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Research Report 018 Land transport pricing for New Zealand

Published: | Category: Transport demand management , Research programme , Research & reports | Audience: General

As part of the management of the land transport system of New Zealand, a study of land transport pricing policies, with particular emphasis on road pricing, has been carried out. The study comprised a review of relevant literature and the development of a proposed land transport pricing research programme for New Zealand. The report of this study consists of three parts:

a description of the current structure and pricing of land transport infrastructure in New Zealand
a review of the literature on land transport pricing to identify the principles underlying transport pricing policies and current and proposed policies from other countries, and
the identification of a proposed land transport pricing research programme for New Zealand.

Research Report 020 Land transport pricing: digest report

Published: | Category: Transport demand management , Research programme , Research & reports | Audience: General

This digest summarises the findings of two reports prepared as part of Transit New Zealand's transport pricing study, excluding recommendations for further research which are the subject of another document. These reports surveyed the international literature on transport pricing, considering the justification and available mechanisms for charges to cover road wear and maintenance, congestion, accidents, and various environmental effects. Keywords: Charging, congestion, costs, environmental effects, externalities, land transport, pricing, roads, road users

Research Report 015 Electromagnetic loops in roads for vehicle detection

Published: | Category: Integrated land use and transport systems , Research programme , Research & reports | Audience: General

Experimental and theoretical studies of the properties and performance of electromagnetic loops and feeder lines used in road vehicle detections systems were carried out to determine causes of erratic behaviour of loops, and to improve their performance. Basic concepts and terminology of loops are introduced and the effects of objects in their proximity are studied. The magnetic flux density distributions near rectangular and quadrupole loops are analysed, assuming the loops to be in free space or away from other objects that may affect their magnetic fields. Magnetic flux density distribution for a quadrupole is compared with published measured spatial sensitivity for the same type of loop. The comparison indicates a strong correlation between spatial sensitivity of a loop, defined as the relative change in loop inductance caused by an object's presence, and its magnetic flux density distribution.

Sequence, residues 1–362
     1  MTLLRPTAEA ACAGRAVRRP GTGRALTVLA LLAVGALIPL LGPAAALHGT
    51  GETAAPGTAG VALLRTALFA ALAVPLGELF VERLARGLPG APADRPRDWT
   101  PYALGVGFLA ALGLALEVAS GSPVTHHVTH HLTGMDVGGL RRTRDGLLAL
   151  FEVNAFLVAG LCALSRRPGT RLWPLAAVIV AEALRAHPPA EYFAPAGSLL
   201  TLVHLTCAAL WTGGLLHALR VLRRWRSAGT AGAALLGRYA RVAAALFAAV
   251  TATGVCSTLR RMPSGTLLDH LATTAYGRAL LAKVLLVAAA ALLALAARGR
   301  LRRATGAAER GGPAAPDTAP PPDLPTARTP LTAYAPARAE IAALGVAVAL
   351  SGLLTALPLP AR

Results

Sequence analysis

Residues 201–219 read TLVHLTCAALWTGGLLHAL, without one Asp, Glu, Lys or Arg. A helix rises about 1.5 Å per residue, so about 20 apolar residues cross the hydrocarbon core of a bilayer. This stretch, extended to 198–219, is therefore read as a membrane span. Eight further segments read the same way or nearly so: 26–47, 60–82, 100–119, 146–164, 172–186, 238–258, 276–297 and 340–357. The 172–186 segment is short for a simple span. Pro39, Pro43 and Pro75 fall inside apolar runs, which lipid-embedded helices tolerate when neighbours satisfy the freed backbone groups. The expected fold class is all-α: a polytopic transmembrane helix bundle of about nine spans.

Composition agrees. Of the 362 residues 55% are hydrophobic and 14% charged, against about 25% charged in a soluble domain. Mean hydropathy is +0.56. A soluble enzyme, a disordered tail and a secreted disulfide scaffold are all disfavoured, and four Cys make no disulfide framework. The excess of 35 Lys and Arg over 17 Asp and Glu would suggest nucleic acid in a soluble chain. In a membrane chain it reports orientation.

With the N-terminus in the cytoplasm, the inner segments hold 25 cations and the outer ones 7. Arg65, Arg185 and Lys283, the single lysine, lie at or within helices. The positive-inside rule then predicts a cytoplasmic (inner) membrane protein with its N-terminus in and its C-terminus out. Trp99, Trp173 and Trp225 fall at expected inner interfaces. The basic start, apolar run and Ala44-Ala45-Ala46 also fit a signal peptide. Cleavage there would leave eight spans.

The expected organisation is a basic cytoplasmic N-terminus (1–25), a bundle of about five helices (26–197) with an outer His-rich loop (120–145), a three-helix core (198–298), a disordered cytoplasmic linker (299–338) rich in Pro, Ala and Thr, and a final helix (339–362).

Research Report 016 Economic disbenefits of dust from unsealed roads

Published: | Category: Environmental impacts of land transport , Research programme , Research & reports | Audience: General

Potential economic disbenefits of dust emission from unsealed roads impact on crop production, animal food supply and health, accident potential, property values and maintenance costs, vehicle operating costs and personal health. A literature survey concentrating on overseas literature has found that very little information of a quantified nature is available. Moreover, transferring the results of some of the work on dust generation carried out in developing countries is difficult because if differences in climate and road materials. By including some New Zealand studies, it was concluded that the most significant potential disbenefits from dust emissions arise from a reduction in crop yield and possibly [an increase] to vehicle operating costs. Keywords: Accidents, agriculture, clothing, communities, dust, economic disbenefits, environment, health, horticulture, housing, insurance, land values, palliatives, people, pollution, roads, road surfaces, tourism, travel times, unsealed roads, vehicle operating costs, vehicle wear, visibility

Research Report 014 Total mobility scheme: influences on costs and usage

Published: | Category: Transport demand management , Research programme , Research & reports | Audience: General

The New Zealand Total Mobility Scheme is a nationwide project to assist with provision of transportation for people with disabilities that preclude their use of public transport. Findings related to the costs of, and external influences on, the New Zealand Total Mobility Scheme are discussed. Field work was carried out predominantly in Auckland, although information from other regions was also obtained. A total of 62 people from local voluntary agencies (and in some cases, from their national executive), transport organisations, local authorities and Government organisations were interviewed. This approach was supplemented by relevant reports, legislation, formal policies and practice guiedlines where available. Information was analysed to assess the cost and ridership impact on the Total Mobility Scheme.

Research Report 013 Evaluation sensitivity analysis

Published: | Category: Activity management , Research programme , Research & reports | Audience: General